WIMAUMA – Last year when Crystal Whitice’s part-time work schedule was reduced, she needed to offset the loss of income. She and her husband, Joel, the children’s pastor at River of Life Christian Center, were in the process of adopting two young girls out of foster care and already had two older boys of their own.
“My sons alone eat me out of house and home,” she said. “I had to do something, so a friend of mine taught me how to save some serious money with couponing.”
What began out of necessity as a sort of hobby turned into a part-time job of its own, Whitice said. Without coupons she was spending $150 to $200 per week in grocery bills. Once she set up a system and started using coupons in earnest, she was able to save “70 to 90 percent” of that each trip.
Whitice, a Wimauma resident, achieves those savings by watching sales flyers; visiting iheartpublix.com and truecouponing.com; shopping in small orders; purchasing in bulk when possible; and buying $2 coupon books online. The books she purchases have lots of coupons, but she’s particularly interested in the four, $5-off-your-$30-purchase coupons for Winn-Dixie. She also buys 10 to 12 newspapers each week.
“I only shop at Publix, because it has the most coupon-friendly policies,” Whitice said. “The store where I shop considers Winn-Dixie a competitor so I can use those Winn-Dixie coupons to save an additional $5 off my total bill. And that doesn’t include all the other coupons I use.”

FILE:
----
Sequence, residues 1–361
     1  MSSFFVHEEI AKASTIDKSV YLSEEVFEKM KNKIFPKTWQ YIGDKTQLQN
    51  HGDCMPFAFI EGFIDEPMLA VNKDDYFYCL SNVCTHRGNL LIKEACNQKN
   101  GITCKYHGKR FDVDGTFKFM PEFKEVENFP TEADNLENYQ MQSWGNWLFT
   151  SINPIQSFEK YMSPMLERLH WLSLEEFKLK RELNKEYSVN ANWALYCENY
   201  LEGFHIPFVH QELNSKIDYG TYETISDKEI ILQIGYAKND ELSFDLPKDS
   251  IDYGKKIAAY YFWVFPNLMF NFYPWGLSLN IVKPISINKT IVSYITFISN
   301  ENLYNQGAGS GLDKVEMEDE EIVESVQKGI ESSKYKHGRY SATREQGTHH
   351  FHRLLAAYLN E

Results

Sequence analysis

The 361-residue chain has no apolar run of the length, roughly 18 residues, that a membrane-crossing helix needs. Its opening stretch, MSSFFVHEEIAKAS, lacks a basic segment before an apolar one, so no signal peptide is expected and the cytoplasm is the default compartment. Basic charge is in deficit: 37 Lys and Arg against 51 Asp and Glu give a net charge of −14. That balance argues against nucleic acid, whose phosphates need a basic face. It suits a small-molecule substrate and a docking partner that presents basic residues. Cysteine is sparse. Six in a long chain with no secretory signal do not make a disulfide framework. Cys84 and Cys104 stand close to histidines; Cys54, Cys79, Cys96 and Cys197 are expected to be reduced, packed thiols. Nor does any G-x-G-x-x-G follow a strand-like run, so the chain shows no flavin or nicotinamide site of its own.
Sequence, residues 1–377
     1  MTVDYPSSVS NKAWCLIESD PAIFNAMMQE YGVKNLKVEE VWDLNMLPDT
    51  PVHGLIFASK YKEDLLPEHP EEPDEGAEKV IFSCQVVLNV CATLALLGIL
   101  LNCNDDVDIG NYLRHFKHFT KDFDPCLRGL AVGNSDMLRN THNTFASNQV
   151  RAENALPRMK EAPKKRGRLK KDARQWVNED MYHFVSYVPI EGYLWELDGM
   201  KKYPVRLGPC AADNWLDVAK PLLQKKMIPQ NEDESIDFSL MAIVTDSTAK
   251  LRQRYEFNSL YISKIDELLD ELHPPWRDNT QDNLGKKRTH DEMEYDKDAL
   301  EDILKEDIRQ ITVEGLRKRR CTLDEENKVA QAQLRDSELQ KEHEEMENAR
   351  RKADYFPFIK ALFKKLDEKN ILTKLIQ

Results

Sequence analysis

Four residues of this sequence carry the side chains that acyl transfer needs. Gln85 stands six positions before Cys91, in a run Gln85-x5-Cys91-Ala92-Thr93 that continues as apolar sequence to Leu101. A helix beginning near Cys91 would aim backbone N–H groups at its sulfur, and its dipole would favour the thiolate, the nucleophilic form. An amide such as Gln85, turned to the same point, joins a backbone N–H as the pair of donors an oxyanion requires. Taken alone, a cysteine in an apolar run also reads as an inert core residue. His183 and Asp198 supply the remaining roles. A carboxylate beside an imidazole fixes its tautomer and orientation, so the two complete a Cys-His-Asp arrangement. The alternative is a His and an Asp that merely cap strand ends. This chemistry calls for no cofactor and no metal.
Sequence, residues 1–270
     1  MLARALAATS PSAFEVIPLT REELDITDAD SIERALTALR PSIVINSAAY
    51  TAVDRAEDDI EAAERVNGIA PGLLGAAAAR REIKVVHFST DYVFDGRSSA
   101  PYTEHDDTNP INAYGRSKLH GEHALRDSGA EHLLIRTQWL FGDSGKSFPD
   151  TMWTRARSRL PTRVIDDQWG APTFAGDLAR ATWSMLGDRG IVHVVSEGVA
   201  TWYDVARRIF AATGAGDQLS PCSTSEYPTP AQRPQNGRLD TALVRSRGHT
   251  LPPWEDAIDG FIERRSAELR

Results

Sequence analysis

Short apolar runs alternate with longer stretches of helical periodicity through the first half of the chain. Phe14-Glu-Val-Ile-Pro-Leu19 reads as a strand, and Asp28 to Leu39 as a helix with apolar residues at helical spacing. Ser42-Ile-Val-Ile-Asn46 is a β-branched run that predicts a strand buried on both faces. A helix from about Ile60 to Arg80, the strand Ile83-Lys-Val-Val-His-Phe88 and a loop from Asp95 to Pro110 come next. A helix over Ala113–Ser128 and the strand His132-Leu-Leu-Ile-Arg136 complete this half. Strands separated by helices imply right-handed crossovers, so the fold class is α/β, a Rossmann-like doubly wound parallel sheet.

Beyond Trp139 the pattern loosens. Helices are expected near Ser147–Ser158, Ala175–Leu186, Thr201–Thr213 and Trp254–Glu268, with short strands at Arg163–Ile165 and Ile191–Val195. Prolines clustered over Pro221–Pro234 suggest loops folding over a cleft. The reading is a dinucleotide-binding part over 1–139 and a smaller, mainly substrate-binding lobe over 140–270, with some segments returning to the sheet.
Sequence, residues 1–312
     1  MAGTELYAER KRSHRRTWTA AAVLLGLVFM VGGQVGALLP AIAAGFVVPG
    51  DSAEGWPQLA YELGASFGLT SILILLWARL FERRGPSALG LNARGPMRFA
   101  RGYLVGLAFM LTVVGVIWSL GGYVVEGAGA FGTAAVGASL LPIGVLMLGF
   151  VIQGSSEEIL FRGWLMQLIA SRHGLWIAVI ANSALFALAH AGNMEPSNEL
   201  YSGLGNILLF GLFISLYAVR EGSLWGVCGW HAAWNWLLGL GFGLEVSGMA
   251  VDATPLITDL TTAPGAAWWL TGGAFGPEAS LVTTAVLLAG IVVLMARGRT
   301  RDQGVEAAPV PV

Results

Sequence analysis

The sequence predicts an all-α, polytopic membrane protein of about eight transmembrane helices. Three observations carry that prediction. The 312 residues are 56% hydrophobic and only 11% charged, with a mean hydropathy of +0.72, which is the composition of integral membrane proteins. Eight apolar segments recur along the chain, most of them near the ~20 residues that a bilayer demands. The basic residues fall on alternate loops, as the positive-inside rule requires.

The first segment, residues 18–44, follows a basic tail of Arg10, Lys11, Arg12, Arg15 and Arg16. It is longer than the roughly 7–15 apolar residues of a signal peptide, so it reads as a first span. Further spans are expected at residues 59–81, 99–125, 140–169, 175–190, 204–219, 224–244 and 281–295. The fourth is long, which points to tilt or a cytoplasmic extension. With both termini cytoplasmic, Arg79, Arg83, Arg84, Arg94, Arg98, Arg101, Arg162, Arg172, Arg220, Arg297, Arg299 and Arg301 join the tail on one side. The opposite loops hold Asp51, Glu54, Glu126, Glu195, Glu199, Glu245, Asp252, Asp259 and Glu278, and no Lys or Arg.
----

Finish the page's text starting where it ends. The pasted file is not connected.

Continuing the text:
Other strategies include shopping only at one store to save time and gas; visiting manufacturer’s websites; getting rainchecks on out-of-stock items; Googling a product’s name with the word “coupon”; and buying only what she needs – that is unless there’s an extremely good deal she can get for her church’s food pantry.
“In this economy having extra cash to give to others is difficult,” Whitice said. “But with couponing I have the ability to give food and other items for a fraction of their original cost without hurting my budget.”
Whitice said five or six other church members do this. Like club members, they look out for each other and share ideas – and coupons.
“With the right combination of manufacturer’s coupons, in-store coupons, sales and/or buy one-get-one offers, you can actually get items for free or cash back,” she said. “I pre-sort my coupons, check all the sales in advance and use a calculator while shopping. I recently spent $5.36 for $106.44 in groceries.”
To handle the volume of emails and spam she gets from visiting coupon sites, Whitice set up a separate email account.
“I have my coupons ready when I go to the register to make things easier for the cashier,” Whitice said. “Couponing has become a good source of income for our family.”